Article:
This is so rich, as if poor Shem who admits he comes across as arrogant is somehow not guilty of “intellectual snobbery”, or in other words “I’m right and you all are wrong”, while at the same time not addressing Elder Holland’s statement clearly contradicting his views. Here are some other things prophets and apostles have said that allow evolution is compatible with the LDS gospel.
***[Stephen L. Richards, “An Open Letter to College Students,” Improvement Era, vol. 36 (June 1933), pg. 451-453, 484-485]:
The time of creation has ever been a subject of much comment and dispute. Yet I challenge anybody to produce from the Bible itself any finite limitation whatsoever of the periods of creation. By strained inferential references and interpretations men have sought to set the time in days or periods of a thousand years, but I feel sure that no justification of such limitations is warranted by the scriptures themselves. If the evolutionary hypothesis of the creation of life and matter in the universe is ultimately found to be correct, and I shall neither be disappointed nor displeased if it shall turn out so to be, in my humble opinion the Biblical account is sufficiently comprehensive to include the whole of the process.
***[Pres. David O. McKay, letter to Prof. William Lee Stokes, 15 Feb 1957]:
On the subject of organic evolution the Church has officially taken no position. The book “Man, His Origin and Destiny” was not published by the Church, and is not approved by the Church. The book contains expressions of the author’s views for which he alone is responsible.
***The scriptures tell why man was created, but they do not tell how, though the Lord has promised that he will tell that when he comes again (D&C 101:32-33). In 1931, when there was intense discussion on the issue of organic evolution, the First Presidency of the Church, then consisting of Presidents Heber J. Grant, Anthony W. Ivins, and Charles W. Nibley, addressed all of the General Authorities of the Church on the matter, and concluded,
Upon the fundamental doctrines of the Church we are all agreed. Our mission is to bear the message of the restored gospel to the world. Leave geology, biology, archaeology, and anthropology, no one of which has to do with the salvation of the souls of mankind, to scientific research, while we magnify our calling in the realm of the Church. …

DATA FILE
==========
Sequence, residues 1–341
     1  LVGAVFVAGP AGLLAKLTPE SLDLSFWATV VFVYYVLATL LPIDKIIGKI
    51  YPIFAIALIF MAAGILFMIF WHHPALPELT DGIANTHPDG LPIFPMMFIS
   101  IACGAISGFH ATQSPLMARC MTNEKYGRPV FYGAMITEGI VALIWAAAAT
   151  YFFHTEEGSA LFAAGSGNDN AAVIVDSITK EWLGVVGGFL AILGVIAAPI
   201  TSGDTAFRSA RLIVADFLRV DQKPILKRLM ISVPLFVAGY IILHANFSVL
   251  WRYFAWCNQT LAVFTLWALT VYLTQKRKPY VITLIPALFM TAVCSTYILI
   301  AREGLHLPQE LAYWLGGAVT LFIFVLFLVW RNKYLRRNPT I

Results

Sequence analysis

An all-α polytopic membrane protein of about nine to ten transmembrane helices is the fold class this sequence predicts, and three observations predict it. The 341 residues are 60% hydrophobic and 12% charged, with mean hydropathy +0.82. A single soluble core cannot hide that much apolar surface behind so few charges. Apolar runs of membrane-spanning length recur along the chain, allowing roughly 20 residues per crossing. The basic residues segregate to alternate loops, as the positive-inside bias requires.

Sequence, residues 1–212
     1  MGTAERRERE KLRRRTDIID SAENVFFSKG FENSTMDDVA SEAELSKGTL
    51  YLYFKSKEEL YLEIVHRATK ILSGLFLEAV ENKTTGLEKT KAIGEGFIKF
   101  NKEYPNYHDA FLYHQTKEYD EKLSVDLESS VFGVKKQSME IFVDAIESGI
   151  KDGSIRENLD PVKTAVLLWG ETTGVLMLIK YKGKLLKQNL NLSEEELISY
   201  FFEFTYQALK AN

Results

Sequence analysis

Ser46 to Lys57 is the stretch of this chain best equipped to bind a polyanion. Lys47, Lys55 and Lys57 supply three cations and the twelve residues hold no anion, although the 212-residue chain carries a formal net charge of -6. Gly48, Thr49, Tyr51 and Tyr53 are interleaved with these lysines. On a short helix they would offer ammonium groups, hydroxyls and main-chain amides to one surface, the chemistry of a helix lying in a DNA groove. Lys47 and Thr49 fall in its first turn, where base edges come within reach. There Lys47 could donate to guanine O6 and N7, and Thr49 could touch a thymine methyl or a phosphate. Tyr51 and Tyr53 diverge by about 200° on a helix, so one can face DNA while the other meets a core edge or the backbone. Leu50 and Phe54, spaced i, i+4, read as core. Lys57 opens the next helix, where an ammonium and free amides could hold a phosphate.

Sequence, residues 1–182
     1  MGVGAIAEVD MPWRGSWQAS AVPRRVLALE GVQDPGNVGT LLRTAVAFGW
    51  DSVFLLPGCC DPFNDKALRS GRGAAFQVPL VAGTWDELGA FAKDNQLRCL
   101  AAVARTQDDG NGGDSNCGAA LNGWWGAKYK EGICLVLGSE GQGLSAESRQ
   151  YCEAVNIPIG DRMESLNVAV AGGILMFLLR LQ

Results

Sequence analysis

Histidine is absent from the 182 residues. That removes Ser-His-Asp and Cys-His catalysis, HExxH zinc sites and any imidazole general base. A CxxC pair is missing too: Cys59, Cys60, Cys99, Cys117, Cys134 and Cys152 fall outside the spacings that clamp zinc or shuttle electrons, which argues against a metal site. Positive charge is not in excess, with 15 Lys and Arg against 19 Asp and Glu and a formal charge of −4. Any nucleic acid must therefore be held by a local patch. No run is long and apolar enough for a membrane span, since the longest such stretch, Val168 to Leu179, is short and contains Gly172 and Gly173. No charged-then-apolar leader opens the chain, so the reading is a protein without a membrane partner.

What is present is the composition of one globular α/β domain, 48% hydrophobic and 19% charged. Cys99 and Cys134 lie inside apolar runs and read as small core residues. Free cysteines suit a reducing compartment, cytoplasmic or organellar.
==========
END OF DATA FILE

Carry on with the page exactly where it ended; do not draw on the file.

***[Larry A. Witham, Where Darwin Meets the Bible, Oxford University Press, 2002, pg. 176-177]:
Few American theologies are more complex than that of the Church of Jesus Christ of Latter-day Saints, but its flagship Brigham Young University teaches off-the-shelf, industry-standard evolution. That has been the case since 1931, when the church officially said: “Leave biology, archaeology, and anthropology, no one of which has to do with the salvation of the souls of mankind, to scientific research.” … What the church requires is only belief “that Adam was the first man of what we would call the human race,” says Gordon Hinckley, the church’s living prophet. Scientists can speculate on the rest, he says, recalling his own study of anthropology and geology: “Studied all about it. Didn’t worry me then. Doesn’t worry me now.”
***[Parley P. Pratt, Key to the Science of Theology, 1891, pg. 161-162]:
The science of geography will then be extended to millions of worlds, and will embrace a knowledge of their physical features and boundaries, their resources, mineral and vegetable; their rivers, lakes, seas, continents and islands; the attainments of their inhabitants in the science of government; their progress in revealed religion; their employments, dress, manners, customs, etc. The science of astronomy will also be enlarged in proportion to the means of knowledge. System after system will rise to view in the vast field of research and exploration! Vast systems of suns and their attendant worlds, on which the eyes of Adam’s race, in their rudimental sphere, have never gazed, will then be contemplated, circumscribed, weighed in the balance of human thought, their circumference and diameter be ascertained, their relative distances understood. Their motions and revolutions, their times and laws, their hours, days, weeks, sabbaths, months, years, jubilees, centuries, millenniums and eternities, will all be told in the volumes of science.
***[James E. Talmage, The Articles of Faith, Deseret Book, SLC, 1966, originally published 1899, pg. 220]:
Miracles are commonly regarded as occurrences in opposition to the laws of nature. Such a conception is plainly erroneous, for the laws of nature are inviolable. However, as human understanding of these laws is at best but imperfect, events strictly in accordance with natural law may appear contrary thereto. The entire constitution of nature is founded on system and order.
There’s plenty more quotes at http://www.sciencemeetsreligion.org/lds/lds-science-quotes.php
“I am actually very good with language, and every test and evaluation I have ever taken is sufficient evidence for me to make that claim.”
Am I talking to a teenager? I haven’t heard anyone over the age of 30 discuss tests they have taken, especially language tests. You may well be able to use proper grammar and punctuation, but that hardly makes you a good communicator, especially with regards to persuasion. I’d say your powers of persuasion on this topic deserve an F.